SDSU experiences push graduate the extra mile

Keenan Watson Collegian Alumnus


 When l reflect on my time as a college student at SDSU, I try to find some life lessons that I learned during the last five years. One lesson that I learned can be best described by a famous poem by Robert Frost, titled “The Road Not Taken”. Halfway through my college career I was at a fork in the road, I had finally picked my major but I was just coasting along with no particular direction. This was during a crucial time for me. What I accomplished during my time at SDSU would have significant impact on how successful I would be once I entered the real world. My current projection was that I would be doing the bare minimum to get a degree in four years with no imagination or any answer for “what next?” 

Fortunately, one on my close friends finally convinced me to join Delta Chi – a social men’s fraternity on campus. Upon getting to know my new brothers, I realized that I had been limiting myself by means of what I could accomplish during my short time as a college student. As a new member I was immediately pushed by the other members and our fraternity advisor to consider and apply for internships and world travel. Many of the other members were always going away for internships and study abroad programs, from traveling across West Africa or working in South America. They said that despite that fact that it might take longer for them to graduate that their experiences taught them many valuable lessons that they couldn’t get in the classroom. 

Because of this encouragement, I can honestly say that I accomplished more during my fifth year then I did during my first four. During my last three semesters I went from Collegian columnist to opinion editor to the intern for the South Dakota Legislature, just to name a few. These experiences took me all the way to a conference in Chicago where I got to meet writers and editors from publication like the New York Times to the dinner table of South Dakota Governor Daugaard at the state capitol in Pierre. These experiences widened my horizons of what I was capable of.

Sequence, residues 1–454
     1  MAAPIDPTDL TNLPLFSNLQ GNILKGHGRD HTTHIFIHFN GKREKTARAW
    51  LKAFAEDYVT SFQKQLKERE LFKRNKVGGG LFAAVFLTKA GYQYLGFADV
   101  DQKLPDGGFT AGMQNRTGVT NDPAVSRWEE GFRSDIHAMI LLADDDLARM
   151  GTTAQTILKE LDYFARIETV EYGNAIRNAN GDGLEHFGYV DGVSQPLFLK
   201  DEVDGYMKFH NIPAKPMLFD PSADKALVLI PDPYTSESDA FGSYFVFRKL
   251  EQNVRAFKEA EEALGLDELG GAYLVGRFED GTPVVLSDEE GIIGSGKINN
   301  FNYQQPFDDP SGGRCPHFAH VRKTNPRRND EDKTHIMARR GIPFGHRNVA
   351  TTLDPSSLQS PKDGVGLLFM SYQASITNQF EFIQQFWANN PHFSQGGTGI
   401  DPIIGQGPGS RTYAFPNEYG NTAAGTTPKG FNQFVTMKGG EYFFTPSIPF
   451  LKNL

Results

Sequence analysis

Now when I debated my next course of action as a college graduate finding a career in a poor economy with a bachelor’s in English I reflected on what I learned during all of these experiences. What I came to realize is the majority of our limits are the ones that we place on ourselves. My advice to current college students id that the next time they see an advertisement for a student group, internship, or any other kind of opportunity that they venture off from the easier and predictable path to test their limits because they will most likely surprise themselves.

Because of my experiences I have decided not to settle for some run-of-the-mill job in a cubicle prison cell. I am going to find a teaching job in another country on the other side of world. I am doing so because it will challenge me but it will be worth it. Because it will pay dividends for me down the road in more ways than I realize. I think back to the end of Robert Frost’s poem and how true it is for anyone who goes the extra mile, “Two roads diverged in a wood, and I, I took the one less traveled by, And that has made all the difference.”

Keenan Watson formerly worked as the opinion editor and a columnist at The Collegian